The trial of the PPU attracted much attention. All were found guilty of “organized disturbance of the peace”. Ivan Jirous got eighteen months in prison, the others were sentenced to terms from eight months to a year. Among those observing the trial was Vaclev Havel who had met with Jirous and been impressed by the man. Disgusted by the proceeding, Havel began gathering others of like mind who released a statement of principle in January, Charter 77. Havel said that the PPU were defending “life’s intrinsic desire to express itself freely, in its own authentic and sovereign way”.
Havel: Everyone understands that an attack on the Czech musical underground was an attack on the most elementary and important thing, something that bound everyone together… The freedom to play rock music was understood as a human freedom and thus as essentially the same as the freedom to engage in philosophical and political reflection, the freedom to write, to express and defend the social and political interests of society.
Havel offered his farm as a place for the PPU to perform and supported them in many ways. Jiri Habes, PPU member: “Havel is the only president of the republic who ever lent me 1500 crowns. …I still owe it to him. I never paid it back. Only he doesn’t really need the money now and I do.”
These were the harsh Brezhnev years. Soon enough, Havel was imprisoned. Members of the PPU were regularly picked up for interrogation and beatings, sometimes several times in a day. Still, the group recorded three albums that were released through a publisher that, curiously, had the same Toronto address as Paul Wilson. In 1984 Brabanec was finally forced to leave the country — he had spent eight of the previous fifteen years in prison. Attempts were made to make members of the band act as government agents. They were offered the chance to perform if they would drop the name Plastic People of the Universe — it had become synonomous with revolt. Some members split off and formed the group Pulnoc. Then the Soviet system collapsed.
Havel said that it was like living through a horror movie that had a fairy tale ending. Not long after he became president, Frank Zappa came for a visit. Zappa was astonished to see 5000 people at the airport cheering his arrival. He was moved and shaken to discover that people had been beaten for playing his music and that he had become a symbol of revolution. He had a long meeting with Havel who proposed Zappa as a cultural ambassador, but Zappa had become a cultural target in his own country for opposing the Parents Music Resource Center, founded by Tipper Gore, Susan Baker, and other “Washington Wives”. The PMRC was determined to censor music and Zappa was one of their main targets. Secretary of State James Baker, Susan’s husband, flew to Prague to explain to Havel that American citizens could not be allowed to be cultural ambassadors for other nations.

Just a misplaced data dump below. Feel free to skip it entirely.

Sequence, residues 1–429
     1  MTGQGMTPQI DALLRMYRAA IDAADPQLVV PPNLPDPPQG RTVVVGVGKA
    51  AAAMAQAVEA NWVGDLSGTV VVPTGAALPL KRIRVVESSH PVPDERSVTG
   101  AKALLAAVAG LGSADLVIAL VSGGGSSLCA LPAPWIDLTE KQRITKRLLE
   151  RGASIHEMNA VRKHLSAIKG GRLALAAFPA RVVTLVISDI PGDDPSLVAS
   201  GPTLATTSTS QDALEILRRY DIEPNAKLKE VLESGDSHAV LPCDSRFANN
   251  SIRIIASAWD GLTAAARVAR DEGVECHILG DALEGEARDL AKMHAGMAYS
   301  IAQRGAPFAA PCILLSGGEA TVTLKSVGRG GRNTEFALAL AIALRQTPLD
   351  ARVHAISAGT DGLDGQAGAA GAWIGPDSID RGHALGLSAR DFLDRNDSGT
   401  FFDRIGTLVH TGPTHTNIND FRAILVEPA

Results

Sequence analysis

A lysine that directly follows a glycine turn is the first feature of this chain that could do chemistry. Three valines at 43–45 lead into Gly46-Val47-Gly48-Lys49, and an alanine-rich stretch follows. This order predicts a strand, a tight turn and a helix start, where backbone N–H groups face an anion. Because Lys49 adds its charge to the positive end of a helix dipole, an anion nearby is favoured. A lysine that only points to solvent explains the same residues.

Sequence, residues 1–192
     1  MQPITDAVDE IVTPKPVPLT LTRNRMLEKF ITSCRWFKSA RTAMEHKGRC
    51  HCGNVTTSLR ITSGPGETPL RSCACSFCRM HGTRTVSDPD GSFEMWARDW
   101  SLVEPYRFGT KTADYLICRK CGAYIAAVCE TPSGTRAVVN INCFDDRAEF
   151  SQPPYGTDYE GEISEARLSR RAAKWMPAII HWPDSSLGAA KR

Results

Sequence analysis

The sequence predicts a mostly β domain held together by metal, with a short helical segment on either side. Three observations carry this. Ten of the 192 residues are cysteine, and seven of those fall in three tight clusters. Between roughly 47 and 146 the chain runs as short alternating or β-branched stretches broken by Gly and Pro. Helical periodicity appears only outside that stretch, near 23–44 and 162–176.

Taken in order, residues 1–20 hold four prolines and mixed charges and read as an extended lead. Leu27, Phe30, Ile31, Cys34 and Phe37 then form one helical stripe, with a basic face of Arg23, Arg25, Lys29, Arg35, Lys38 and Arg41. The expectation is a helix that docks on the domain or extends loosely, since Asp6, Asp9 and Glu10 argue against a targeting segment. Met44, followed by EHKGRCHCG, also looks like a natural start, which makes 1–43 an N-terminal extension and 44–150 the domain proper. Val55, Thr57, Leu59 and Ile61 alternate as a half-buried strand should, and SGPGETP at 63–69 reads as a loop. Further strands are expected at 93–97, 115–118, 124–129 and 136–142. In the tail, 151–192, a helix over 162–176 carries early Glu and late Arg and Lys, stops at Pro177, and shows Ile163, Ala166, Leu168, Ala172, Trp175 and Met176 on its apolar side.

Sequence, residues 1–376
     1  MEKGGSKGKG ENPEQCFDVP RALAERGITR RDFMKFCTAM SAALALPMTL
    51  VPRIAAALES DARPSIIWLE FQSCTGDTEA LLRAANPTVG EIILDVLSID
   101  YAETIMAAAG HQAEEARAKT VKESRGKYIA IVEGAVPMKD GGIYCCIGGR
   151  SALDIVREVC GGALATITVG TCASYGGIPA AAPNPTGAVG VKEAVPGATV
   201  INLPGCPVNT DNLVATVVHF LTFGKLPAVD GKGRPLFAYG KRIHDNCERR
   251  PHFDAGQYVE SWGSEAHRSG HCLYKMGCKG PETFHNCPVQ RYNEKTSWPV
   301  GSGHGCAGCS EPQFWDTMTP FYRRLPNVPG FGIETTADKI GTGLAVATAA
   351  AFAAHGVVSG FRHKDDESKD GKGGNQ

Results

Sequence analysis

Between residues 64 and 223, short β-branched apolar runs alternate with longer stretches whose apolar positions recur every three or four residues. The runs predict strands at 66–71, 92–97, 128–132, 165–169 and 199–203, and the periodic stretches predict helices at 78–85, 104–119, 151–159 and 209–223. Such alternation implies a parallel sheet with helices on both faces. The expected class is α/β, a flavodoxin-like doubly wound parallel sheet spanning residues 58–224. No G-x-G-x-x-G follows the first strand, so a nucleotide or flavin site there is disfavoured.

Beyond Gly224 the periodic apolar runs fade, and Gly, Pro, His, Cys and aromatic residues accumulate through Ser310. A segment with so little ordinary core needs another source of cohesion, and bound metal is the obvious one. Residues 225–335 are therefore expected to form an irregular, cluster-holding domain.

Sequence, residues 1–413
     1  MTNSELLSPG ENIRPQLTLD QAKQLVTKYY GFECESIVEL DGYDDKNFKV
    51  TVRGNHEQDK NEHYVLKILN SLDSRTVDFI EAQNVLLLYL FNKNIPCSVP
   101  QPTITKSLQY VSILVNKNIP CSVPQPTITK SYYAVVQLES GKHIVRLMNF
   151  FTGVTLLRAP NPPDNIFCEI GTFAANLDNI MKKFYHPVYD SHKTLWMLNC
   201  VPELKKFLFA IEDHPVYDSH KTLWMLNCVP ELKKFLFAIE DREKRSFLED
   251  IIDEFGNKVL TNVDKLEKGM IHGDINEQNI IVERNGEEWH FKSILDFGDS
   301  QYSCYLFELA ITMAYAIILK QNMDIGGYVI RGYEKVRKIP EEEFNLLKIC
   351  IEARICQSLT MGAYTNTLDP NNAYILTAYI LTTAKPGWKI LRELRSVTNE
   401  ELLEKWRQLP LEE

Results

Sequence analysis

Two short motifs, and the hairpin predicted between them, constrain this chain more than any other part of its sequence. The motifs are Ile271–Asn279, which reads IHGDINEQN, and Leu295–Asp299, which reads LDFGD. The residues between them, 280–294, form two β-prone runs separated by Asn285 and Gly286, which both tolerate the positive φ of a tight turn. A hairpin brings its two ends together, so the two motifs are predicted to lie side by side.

In 1990, Lou Reed arrived in Czechoslovakia to interview Havel. The President took him to a club where Pulnoc performed one Velvet Underground number after another. “They were playing Velvet Underground songs, beautiful, heartfelt, impeccable versions of my songs,” said Reed. “To say I was moved would be an understatement.” People told him of reciting Vevet Underground lyrics to one another while they were in prison, to keep their spirits up.
In 1997, Havel persuaded the PPU to regroup and they have played together often since that time. They have an official website and you can buy their albums. Of course some critics disdain their music. Zappa’s biographer sniffs that they “weren’t very good”. But that is to ignore what the PPU were all about — the point was to be, good or not, and to be free in expressing your existence. Brabenec, back in Czechoslovakia now, says:
I don’t consider myself any less subversive now than I was back then. I am no less a dissident in a society of shopping, shopping and shopping than I was in a society of socialism, socialism and socialism. It’s all still shit, only different shit. Communist party, Nokia mobile phone party – what’s the fucking difference? It doesn’t matter whether the system is communist, fascist or capitalist: the creative people are the creative people and the shits are the shits. The poets remain the poets, and the politicians are fucking politicians. So you see: the Plastic People are still the Plastic People. You must remember one thing above all others about this band and our so-called revolution: none of us ever got anywhere. This is what matters most.
For more on the PPU this is an excellent article.
(In Memoriam: Vaclev Havel, 1936 – 2011, the only leader of a modern state who could cite the music of the Velvet Underground, Frank Zappa, Captain Beefheart, and other icons of cultural freedom. R.I.P.)